This institution is an equal opportunity provider & employer.

NEWLY REMODELED

GUNS
WANTED TO BUY. Gun collector wants to buy old Winchesters and other antique guns. Fair prices paid. Call 605-352-7078. Want to buy: Winchester 1894s most any year, also firearms of most any type. Also Kawasaki 3 cylinder 2 stroke motorcycles. Call 701-845-5196. Santa fe deluxe mauser in 30/06, drilled for scope and has sling mounts, monte carlo stock. $275. Call 701845-5196.

Old 10 Saloon Bar & Grill, recently remodeled and expanded, needs a cook, wait staff and bartender. Flexible hours - days, evenings. Wages depending on experience. Call Harry, 701-633-5317 or stop in at 407 Main St., Buffalo, N.D. Help Wanted: Bartender Cook for Weekends - Friday, Saturday, Sunday, at the Fish Tank, in Sibley. Work is May through November. Call 733-2405, ask for Diana or Bonnie.

COOK, BAR HELP WANTED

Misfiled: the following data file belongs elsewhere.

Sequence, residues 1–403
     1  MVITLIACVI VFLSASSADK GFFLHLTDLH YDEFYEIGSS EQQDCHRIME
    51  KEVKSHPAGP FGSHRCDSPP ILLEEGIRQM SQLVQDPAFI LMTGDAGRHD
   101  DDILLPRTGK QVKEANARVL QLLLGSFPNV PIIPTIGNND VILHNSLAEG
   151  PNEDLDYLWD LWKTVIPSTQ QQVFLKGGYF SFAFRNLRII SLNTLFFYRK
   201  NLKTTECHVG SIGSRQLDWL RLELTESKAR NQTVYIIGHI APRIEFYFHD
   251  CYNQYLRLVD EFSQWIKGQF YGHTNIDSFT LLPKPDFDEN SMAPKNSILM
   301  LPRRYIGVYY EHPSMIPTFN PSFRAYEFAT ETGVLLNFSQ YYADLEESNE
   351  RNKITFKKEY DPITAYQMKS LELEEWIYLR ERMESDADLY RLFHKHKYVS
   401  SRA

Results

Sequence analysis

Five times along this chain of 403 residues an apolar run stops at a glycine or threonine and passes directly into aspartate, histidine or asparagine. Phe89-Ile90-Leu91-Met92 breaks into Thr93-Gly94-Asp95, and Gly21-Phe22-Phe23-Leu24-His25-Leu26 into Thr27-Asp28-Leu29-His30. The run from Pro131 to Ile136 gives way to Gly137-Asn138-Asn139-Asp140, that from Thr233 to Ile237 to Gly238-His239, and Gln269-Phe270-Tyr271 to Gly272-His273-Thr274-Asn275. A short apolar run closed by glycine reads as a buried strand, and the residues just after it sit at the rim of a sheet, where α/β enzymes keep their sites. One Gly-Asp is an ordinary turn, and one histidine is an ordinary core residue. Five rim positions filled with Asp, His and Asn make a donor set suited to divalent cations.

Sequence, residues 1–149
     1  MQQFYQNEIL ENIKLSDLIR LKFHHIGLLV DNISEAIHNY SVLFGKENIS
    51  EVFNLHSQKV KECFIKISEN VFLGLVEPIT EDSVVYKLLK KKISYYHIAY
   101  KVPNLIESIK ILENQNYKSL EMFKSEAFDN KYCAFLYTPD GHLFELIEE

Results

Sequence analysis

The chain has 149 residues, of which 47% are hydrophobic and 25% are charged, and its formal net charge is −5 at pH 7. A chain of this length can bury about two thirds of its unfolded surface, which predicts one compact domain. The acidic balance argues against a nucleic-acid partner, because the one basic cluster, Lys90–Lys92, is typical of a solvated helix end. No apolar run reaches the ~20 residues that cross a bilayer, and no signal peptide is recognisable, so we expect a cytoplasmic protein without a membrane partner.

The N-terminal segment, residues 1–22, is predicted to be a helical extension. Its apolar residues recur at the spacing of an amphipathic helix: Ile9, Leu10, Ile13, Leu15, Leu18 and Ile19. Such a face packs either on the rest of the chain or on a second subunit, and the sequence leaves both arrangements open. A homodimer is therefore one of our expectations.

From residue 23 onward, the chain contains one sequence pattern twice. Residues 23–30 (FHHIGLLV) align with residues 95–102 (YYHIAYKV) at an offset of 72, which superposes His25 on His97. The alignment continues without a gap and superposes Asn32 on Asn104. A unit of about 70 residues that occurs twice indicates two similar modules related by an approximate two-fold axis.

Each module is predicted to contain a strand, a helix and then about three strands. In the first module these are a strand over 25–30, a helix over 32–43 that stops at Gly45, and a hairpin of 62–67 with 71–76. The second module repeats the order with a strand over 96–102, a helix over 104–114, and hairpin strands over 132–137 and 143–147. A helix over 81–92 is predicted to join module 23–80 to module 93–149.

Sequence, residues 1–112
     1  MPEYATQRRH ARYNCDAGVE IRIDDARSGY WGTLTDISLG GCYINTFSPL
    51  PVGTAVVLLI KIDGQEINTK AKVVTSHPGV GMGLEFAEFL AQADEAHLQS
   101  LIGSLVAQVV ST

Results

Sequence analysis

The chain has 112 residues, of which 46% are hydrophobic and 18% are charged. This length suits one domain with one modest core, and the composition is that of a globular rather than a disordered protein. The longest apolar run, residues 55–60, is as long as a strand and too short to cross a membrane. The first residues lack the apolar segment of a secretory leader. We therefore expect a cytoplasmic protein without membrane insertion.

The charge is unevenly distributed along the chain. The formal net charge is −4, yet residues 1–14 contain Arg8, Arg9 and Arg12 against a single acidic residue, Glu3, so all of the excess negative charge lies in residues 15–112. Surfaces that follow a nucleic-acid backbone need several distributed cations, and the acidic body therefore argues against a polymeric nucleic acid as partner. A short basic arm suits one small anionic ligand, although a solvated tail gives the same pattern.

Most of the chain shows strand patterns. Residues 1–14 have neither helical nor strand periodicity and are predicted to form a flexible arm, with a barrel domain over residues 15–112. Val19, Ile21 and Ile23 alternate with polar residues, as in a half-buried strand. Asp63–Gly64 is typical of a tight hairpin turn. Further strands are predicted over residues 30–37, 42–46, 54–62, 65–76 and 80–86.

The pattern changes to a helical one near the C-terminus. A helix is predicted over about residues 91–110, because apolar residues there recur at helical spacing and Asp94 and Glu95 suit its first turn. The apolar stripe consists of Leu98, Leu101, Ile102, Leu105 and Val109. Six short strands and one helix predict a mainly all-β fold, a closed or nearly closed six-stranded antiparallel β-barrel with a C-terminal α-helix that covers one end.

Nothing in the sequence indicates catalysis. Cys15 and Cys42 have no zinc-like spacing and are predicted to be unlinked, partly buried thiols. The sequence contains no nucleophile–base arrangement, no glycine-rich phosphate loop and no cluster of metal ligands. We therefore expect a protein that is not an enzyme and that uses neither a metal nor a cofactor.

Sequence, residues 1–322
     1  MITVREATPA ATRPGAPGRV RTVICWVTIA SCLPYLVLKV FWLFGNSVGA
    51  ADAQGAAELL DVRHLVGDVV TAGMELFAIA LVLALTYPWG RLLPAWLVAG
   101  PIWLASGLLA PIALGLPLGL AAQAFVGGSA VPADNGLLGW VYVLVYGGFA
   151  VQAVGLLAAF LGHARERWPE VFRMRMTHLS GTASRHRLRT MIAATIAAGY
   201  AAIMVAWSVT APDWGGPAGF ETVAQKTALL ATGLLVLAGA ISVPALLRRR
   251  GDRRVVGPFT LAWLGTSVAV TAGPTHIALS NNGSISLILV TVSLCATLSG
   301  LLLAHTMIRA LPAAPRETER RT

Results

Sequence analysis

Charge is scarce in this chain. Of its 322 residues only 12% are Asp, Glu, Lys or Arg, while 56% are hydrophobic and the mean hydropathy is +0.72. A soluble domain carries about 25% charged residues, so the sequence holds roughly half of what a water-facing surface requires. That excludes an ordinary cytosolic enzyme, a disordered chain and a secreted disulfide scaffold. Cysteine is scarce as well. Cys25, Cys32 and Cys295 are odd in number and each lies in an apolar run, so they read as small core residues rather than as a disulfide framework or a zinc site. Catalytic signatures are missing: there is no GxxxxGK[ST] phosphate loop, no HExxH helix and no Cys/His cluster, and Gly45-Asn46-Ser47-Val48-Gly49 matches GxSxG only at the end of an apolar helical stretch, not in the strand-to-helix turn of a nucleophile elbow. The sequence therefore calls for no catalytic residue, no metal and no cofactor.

GREAT RESULTS!
Call LORI FROEMKE: 701-320-0780

GREAT ADS GET

Place Yours.

HELP WANTED

RUBBER MATS

ANTIQUE PEWS

SERVICES
Litscher Training Stables is a full service training facility with Indoor-Outdoor arenas. Offering training, lessons, showing, sales, and more. Contact Jenna for more information and to reserve your spot for this spring. Hurry! Stalls are filling up fast. 701-830-

HORSES TRAINED

LIKE NEW

USED TIRES

Ag & Equipment
16-foot bumper hitch stock trailer for sale.

Publishers Notice All real estate advertising in this newspaper is subject to the Fair Housing Act which makes it illegal to advertise ``any preference, limitation or discrimination based on race, color, religion, sex, handicap, familial status or national origin, or an intention, to make any such preference, limitation or discrimination. Familial status includes children under the age of 18 living with parents or legal custodians, pregnant women and people securing custody of children under 18. This newspaper will not knowingly accept any advertising

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the independent PAGE 11